>> Essentially there is a relatively long idle period, followed by  
>> over 70 sequential data bits which are around 400ms long each, and  
>> at approx 1% timing error from the sender.
>
> Obviously this can't work.

I agree with Olin.  This is where schemes other than NRZ come in (even  
just stop and start bits in async serial), and why they're needed...

BillW


2009\08\19@101126 by PicDude

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Richard Prosser wrote:
{Quote hidden}

> --

2009\08\19@121715 by Dave Tweed

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PicDude wrote:
> Let me clarify a few things, which I think will make a difference -- the
> bits start and end with a L-->H transition. The H-->L transition point
> between the start and end points of each bit varies, so the duty-cycle
> determines the bit value. This is not NRZ. Yes, bits are the same length.

In that case, you have a self-clocking code, which makes things a LOT
easier.

You just need to poll the data line with a period that is less than (with a
comfortable margin) the minimum interval between any pair of transitions.
For example, if the signal is 1/3 high, 2/3 low for a 0 and vice versa for
a 1, then sample at 4x the bit rate, or 100 us. The timing margin you
select should include any expected peak-to-peak jitter in the sampling that
might be due to interrupt latencies, etc.

To decode the data, simply look for groups samples consisting of contiguous
1s followed by contiguous 0s, and make your bit decision based on the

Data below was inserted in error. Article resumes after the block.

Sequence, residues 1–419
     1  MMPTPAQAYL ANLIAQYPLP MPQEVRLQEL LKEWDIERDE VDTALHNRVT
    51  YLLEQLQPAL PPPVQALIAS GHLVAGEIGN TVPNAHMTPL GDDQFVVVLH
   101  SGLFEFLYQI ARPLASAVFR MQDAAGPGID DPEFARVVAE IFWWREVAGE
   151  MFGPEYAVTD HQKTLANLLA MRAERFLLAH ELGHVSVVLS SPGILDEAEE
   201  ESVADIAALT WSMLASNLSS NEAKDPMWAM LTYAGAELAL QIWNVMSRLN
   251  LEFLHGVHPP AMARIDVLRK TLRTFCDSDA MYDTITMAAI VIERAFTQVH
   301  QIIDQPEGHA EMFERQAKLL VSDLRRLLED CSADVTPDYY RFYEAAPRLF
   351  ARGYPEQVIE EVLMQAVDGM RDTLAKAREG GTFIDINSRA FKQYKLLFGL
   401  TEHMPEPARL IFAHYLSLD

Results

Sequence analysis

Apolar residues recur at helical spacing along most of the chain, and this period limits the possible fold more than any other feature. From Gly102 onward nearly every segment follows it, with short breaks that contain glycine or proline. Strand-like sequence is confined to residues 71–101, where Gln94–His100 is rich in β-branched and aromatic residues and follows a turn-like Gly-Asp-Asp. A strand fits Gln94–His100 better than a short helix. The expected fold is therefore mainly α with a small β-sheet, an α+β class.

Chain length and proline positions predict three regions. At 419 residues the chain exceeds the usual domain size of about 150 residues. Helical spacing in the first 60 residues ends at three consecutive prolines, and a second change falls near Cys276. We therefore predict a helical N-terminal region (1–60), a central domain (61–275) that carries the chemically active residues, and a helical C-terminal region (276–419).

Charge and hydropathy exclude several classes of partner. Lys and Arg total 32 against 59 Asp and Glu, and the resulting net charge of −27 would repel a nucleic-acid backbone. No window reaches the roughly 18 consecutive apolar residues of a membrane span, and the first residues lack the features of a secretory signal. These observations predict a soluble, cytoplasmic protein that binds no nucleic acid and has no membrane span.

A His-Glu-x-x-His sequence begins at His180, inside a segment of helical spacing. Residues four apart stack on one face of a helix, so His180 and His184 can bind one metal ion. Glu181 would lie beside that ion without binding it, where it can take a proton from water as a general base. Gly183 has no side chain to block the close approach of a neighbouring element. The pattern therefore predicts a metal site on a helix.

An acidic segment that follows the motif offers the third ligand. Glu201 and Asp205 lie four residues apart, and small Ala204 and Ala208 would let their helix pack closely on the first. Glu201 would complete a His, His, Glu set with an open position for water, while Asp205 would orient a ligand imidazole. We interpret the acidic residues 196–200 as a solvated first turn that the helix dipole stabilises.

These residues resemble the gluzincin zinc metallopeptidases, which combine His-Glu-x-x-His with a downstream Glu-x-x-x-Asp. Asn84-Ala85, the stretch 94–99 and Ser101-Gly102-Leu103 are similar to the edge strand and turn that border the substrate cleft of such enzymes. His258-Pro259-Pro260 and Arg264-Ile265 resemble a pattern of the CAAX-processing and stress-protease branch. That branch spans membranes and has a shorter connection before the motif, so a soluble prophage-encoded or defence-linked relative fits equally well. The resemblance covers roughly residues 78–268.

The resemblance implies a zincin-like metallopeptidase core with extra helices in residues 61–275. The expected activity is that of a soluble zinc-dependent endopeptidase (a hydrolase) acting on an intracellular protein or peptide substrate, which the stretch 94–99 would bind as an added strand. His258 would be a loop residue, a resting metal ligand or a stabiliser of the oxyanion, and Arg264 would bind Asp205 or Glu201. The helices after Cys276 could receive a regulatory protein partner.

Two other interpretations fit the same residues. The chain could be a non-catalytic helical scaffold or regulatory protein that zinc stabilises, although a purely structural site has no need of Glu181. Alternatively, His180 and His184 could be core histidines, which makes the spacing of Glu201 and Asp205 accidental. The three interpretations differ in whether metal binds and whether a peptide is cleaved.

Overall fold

relative counts in each group. This can even be done in the ISR itself,
with little overhead.

-- Dave Tweed

2009\08\19@160119 by Richard Prosser

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2009/8/20 PicDude <picdude2spamspam_OUTavn-tech.com>:
{Quote hidden}

>> -

2009\08\20@191439 by PicDude

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Okay, that seems like a surprisingly simple solution to this problem.  I'm
evaluating on paper for now, and can't see it working well with 4x the bit
rate, but 5x seems to work well... so far.  This is assuming minimal error
for now, but I'll try factoring in a few percent error to see how 5x would
handle it.  What's nice is that the ISR processing for this is indeed very
minimal, so a faster sample rate is fine.

FWIW, I've been able to re-work some of my other ISR code (mostly to
multiplex LED displays) to reduce interrupt latency by breaking it up into a
couple shorter calls.

Thanks,
-Neil.



Dave Tweed wrote:
{Quote hidden}

> --

2009\08\21@141255 by Dave Tweed

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PicDude wrote:
> Okay, that seems like a surprisingly simple solution to this problem.
> I'm evaluating on paper for now, and can't see it working well with 4x
> the bit rate, but 5x seems to work well... so far. This is assuming
> minimal error for now, but I'll try factoring in a few percent error
> to see how 5x would handle it. What's nice is that the ISR processing
> for this is indeed very minimal, so a faster sample rate is fine.

Like I said, the interval depends on the exact characteristics of the data
you're trying to decode.

Actully, I misspoke. Suppose the data is high for 40% of the bit interval
for a zero, and 60% for a one. In that case, you'd need to sample with a
period that is less than -- with some margin -- 20% of the bit interval in
order to reliably resolve the difference.

-- Dave Tweed


'[PIC] Better way to read a serial data stream?'
2009\09\02@075451 by Bob Axtell
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I would drop the internal RC clock and use a ceramic resonator or